Egyptian authorities Wednesday banned popular Muslim cleric, Mohammad Jibril, from working in mosques across the country after he delivered a controversial sermon.

Minister of Waqfs (religious endowments), Mohammad Jumaa, said that Jebril would be barred from delivering sermons and leading prayers in all mosques of Egypt allegedly for manipulating prayers for political gains.

“Anyone helping Jebril to lead prayers, giving sermons or teaching lessons in mosques will face firm measures,” Jumaa said without elaborating.

The Ministry of Waqf meanwhile said that the ban took immediate effect to “make him [Jebril] an example for anyone exploiting God’s sharia law”.

There was no comment from the 51-year-old cleric.

Earlier this week, Jebril, a prominent reciter of the Holy Koran and a preacher, led thousands of Muslims in the famous Amr Ibn Al Aas Mosque in southern Cairo in performing Taraweeh, a nightly prayer offered in the holy month of Ramadan.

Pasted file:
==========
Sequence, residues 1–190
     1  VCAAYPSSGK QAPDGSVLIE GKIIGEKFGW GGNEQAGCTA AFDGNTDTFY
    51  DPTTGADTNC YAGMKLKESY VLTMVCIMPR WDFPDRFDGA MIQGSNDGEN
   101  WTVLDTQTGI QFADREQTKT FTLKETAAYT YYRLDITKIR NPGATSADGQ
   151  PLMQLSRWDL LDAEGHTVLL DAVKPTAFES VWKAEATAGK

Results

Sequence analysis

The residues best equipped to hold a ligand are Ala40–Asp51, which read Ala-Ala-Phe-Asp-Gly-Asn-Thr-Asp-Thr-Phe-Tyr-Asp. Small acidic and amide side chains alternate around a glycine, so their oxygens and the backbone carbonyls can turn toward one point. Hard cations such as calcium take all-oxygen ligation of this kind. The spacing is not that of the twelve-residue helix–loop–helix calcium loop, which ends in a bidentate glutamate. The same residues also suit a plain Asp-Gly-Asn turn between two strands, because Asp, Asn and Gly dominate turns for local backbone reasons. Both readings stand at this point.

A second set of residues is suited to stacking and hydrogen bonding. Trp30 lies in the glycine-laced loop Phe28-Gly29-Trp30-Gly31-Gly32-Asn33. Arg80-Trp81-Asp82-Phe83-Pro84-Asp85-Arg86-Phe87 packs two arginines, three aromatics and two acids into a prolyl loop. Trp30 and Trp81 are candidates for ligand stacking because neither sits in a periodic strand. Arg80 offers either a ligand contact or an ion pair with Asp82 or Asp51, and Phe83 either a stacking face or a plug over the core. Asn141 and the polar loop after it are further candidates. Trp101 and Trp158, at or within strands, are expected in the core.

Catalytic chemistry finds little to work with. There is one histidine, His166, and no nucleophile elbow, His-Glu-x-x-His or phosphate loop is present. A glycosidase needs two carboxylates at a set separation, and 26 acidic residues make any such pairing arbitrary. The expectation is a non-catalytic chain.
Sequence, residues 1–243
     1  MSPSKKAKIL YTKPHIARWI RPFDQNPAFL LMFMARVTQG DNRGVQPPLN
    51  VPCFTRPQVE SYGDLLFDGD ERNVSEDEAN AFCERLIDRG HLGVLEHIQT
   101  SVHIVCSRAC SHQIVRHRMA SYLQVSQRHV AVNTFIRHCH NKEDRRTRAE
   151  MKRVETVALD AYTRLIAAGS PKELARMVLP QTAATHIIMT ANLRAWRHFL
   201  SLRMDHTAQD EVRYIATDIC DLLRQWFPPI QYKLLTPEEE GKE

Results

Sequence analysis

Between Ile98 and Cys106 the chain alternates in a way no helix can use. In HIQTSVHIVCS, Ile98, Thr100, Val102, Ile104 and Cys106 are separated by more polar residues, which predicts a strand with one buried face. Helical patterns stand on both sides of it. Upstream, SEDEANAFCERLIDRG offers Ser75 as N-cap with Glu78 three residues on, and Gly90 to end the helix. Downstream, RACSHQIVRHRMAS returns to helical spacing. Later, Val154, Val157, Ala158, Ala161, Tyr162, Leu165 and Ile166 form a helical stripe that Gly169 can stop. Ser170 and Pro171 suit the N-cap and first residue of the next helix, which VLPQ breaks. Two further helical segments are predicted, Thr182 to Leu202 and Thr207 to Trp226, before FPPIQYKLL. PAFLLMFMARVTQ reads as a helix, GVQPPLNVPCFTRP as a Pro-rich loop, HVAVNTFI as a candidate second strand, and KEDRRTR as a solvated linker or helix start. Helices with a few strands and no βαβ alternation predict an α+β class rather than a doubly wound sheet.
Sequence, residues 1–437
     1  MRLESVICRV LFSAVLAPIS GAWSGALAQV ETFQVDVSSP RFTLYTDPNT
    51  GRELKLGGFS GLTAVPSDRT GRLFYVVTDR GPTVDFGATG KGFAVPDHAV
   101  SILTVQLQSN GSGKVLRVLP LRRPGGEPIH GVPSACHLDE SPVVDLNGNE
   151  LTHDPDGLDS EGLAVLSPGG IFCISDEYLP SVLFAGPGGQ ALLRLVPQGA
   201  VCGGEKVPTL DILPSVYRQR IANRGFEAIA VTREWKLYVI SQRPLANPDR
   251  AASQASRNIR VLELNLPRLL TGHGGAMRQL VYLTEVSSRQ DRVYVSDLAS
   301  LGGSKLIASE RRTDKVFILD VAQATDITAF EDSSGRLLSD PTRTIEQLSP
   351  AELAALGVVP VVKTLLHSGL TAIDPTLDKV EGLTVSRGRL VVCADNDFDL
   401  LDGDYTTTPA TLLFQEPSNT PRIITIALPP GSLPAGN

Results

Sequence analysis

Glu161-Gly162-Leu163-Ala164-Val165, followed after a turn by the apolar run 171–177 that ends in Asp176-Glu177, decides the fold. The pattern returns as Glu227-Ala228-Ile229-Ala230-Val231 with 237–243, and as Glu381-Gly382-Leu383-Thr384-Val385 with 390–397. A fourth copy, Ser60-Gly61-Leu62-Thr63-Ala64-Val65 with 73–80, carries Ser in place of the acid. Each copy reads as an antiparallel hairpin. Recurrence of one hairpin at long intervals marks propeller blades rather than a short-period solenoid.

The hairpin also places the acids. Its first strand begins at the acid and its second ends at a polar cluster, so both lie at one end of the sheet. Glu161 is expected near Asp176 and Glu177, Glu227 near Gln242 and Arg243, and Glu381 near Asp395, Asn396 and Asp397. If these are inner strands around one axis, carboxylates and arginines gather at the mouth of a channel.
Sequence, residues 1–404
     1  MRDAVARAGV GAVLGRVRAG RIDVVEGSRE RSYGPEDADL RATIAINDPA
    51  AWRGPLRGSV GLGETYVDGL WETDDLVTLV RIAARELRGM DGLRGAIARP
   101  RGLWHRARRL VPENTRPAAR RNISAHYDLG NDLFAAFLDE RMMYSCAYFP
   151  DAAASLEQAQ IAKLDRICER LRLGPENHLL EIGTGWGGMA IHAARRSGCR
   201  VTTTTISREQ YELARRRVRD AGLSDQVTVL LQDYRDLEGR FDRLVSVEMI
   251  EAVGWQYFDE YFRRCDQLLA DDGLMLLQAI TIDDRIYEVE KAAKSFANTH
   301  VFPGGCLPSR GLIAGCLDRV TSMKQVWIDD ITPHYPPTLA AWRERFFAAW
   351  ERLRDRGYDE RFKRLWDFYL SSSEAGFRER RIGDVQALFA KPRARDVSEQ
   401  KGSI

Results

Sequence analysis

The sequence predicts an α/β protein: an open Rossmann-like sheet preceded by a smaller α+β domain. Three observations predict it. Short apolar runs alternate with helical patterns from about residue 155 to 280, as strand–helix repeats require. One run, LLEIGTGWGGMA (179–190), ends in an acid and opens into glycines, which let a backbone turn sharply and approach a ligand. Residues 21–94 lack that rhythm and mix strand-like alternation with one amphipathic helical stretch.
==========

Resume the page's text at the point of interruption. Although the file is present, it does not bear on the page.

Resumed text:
In a concomitant sermon, he invoked God’s wrath against what he termed “corrupt media, politicians and shaikhs of the sultan [ruler]” and called for the release of detainees.

His prayer was widely interpreted as targeting government’s loyalists in favour of the now-outlawed Muslim Brotherhood.

Thousands of the Brotherhood’s followers have been rounded up since 2013 when the army toppled president Mohammad Mursi, a senior leader in the Islamist group, following enormous street protests against his rule.

The government has since sought to tighten grip on mosques, denying the Brotherhood and allied groups a major forum to influence devout Muslims.


Sheikh Mohammad Jibril’s Dua:-

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